Communicating for Change reminds us of the importance of engaging interest, communicating a single big idea, and honoring relational dynamics in our preaching. It may be what discouraged preachers need as they work to improve their preaching.

Edward Hudgins

I never thought I would be so excited about a book on communication, but I am VERY excited about this one. Stanley shares with the reader his philosophy of communication as well as specific and practical steps to becoming a more effective speaker. This approach may not be for everyone, but it is "home" for me. I have used his approach for the last couple of weeks and my audience is much more engaged and I have gotten very positive feedback from numerous people.

Anthony R. Russell

This book teaches us all the things we wish they had taught us in seminary! Once again, Andy shows us how to get more accomplished by doing less. I still don't know how he memorizes it all, but I am now using the me-we-God-you-we approach w/ great feedback.

Anthony C. Papadakis

Love what the author had to say in terms of a one point message, make it sticky, know where you're going and how you're going to get there. These are amazingly good suggestions that I was able to quickly incorporate into my own teaching to make the lessons more memorable and have greater impact. The author's presentation in the first half of the book is outstanding.

However, read this book critically. A constant "Me-We-God-You-We" approach every Sunday is tedious for a congregation. It leads a speaker to always speak topically rather than exegetically. Although this approach is ideal for people who have no Biblical background (seeker friendly churches), it has the unfortunate side-effect of keeping them that way.

Don't get me wrong; I fully enjoyed this book and took many great insights out of it. I just can't in good conscience implement it for every message/lesson.

Working mom

I am in higher education and have to speak regularly to adults on various topics. This book is wonderful for any communicator. I am able to develop a one topic presentation and then present it without constantly reading my notes. This is great for anyone wanting to improve their public speaking skills.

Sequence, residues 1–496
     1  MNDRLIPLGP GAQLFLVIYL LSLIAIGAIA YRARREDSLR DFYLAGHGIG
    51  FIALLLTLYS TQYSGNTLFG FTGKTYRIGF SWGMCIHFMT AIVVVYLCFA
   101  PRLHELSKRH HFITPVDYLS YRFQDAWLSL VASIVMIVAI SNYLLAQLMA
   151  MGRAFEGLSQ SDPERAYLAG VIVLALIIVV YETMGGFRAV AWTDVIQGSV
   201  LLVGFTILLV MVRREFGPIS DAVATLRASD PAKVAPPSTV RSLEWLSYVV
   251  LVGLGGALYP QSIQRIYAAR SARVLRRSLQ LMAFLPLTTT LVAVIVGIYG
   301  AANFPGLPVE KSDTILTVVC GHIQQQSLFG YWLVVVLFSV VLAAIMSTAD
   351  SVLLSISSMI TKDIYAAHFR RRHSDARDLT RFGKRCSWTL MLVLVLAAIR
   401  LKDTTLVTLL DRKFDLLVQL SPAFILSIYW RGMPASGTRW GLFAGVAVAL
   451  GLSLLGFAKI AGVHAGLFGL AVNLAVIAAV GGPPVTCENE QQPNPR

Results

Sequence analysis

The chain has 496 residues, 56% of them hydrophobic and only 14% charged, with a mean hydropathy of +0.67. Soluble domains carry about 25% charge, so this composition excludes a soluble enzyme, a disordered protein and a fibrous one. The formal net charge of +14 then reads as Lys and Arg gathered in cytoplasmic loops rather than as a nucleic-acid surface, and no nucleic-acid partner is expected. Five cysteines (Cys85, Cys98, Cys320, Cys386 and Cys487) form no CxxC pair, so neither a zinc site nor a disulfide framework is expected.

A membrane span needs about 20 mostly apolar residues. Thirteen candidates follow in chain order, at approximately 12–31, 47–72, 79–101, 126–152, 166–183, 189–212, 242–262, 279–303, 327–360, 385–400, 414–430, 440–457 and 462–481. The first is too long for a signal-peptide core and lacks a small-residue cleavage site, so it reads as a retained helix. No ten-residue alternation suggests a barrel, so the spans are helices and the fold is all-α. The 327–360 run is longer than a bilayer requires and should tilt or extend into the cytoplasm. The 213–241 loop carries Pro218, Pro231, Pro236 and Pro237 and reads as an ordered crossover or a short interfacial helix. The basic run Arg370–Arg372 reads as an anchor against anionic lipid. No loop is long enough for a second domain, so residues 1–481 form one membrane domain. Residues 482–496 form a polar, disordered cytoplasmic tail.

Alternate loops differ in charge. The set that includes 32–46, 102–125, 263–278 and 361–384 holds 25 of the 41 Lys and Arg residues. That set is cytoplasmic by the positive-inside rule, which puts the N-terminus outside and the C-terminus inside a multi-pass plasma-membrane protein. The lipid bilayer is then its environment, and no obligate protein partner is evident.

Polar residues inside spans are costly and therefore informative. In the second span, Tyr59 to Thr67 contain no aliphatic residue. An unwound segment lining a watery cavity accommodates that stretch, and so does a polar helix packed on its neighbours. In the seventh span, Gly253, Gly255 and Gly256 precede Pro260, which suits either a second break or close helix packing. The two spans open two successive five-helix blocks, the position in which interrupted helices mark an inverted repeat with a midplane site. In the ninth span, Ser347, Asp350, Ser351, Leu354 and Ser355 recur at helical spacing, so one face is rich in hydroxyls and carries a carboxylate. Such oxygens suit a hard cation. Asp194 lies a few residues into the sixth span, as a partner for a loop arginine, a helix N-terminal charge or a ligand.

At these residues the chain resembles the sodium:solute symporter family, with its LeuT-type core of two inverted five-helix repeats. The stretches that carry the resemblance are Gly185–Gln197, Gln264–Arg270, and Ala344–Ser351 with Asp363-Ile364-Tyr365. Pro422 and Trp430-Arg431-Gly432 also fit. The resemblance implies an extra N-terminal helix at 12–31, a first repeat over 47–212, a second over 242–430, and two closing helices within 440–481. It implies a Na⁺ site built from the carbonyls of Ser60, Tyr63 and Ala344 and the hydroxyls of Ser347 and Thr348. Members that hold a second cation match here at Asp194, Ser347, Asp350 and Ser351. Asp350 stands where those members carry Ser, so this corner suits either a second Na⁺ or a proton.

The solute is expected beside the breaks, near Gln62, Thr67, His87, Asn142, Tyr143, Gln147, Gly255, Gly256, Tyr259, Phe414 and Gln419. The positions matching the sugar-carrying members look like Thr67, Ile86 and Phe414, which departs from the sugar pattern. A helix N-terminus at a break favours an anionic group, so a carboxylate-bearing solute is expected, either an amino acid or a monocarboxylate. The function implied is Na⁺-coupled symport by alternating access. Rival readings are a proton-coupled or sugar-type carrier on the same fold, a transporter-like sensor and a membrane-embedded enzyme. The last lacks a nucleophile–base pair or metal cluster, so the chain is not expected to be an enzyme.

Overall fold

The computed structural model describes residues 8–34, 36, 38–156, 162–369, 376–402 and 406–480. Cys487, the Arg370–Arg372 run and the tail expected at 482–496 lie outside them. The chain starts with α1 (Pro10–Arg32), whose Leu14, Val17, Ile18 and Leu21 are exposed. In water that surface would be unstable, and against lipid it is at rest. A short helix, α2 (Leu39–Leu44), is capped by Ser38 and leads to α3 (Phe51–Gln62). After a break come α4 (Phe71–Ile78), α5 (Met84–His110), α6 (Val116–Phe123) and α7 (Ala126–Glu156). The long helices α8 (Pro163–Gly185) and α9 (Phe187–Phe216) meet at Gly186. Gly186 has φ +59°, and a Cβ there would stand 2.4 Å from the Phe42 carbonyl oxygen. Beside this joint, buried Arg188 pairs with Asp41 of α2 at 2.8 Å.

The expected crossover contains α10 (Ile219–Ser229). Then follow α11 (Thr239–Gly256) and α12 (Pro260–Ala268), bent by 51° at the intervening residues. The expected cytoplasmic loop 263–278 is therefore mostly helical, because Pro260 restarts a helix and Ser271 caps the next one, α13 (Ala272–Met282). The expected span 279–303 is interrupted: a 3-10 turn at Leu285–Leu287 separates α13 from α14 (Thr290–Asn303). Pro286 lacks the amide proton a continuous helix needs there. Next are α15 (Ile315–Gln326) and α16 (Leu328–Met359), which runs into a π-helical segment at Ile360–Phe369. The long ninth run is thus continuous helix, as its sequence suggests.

Edward Harding

A fantastic tool for a preaching roadmap. Often preachers tour many interesting sites "along the way" as they deliver the sermon. Communicating for Change help the preacher prepare a roadmap with a definate destination. "Everything" in the sermon points to the intended destination.

C. Groeschel

This is the best book I've read on communication. I'd love to list some quotes, but every time I buy another copy, I give it away. I'm requiring every communicator I work with to read this book. Although it is a "must read" for pastors, it will also speak to communicators in any field. Thanks Andy and Lane!

Mobile Malcolm

I am currently in my second year at Vineyard Leadership Institute [...] and in my preaching mentoring/ class we are reading this book. IT IS AWESOME!

Although this book is stretching me... it is a good stretch. Andy does a great job of laying this out for everyone to understand. If you are concerned with public speaking... teaching... preaching... there is a "new way" that makes a ton of sense in today's fast paced world.

The thought of a one-point sermon has been a stretch... but to see how he builds and delievers the sermon through relationship and meeting the audiences "felt-need" is brilliant. This is the way I have always wanted to learn how to communicate, but never had a practical way of showing me how to do it.

If you want to reach those you have never reached before with your preaching/ teaching... then read this book. You will never be the same again.

Chad Logan

Every communicator, teacher, or preacher wants to better effectively communicate, especially when dealing with issues that affect our daily lives and eternity i.e leading others into a growing relationship with Jesus Christ. I am ashamed that many preachers have succesfully communicated a boring gospel in the churches all over the globe. Many un-churched are looking for reasons not to go to church who may give church one chance; in that very moment, ministers should prepare themselves to create an irresistable environment that will promote life change in the hearts of hearers in a relevant and insightful way. Andy Stanley and Lane Jones brilliantly share strategies that are Biblically sound and practically effective to create such an environment of life change in a revolutionary style of Biblical communication. It's no wonder people flock to hear Andy speak week after week. I certainly would if I lived in Alpharetta!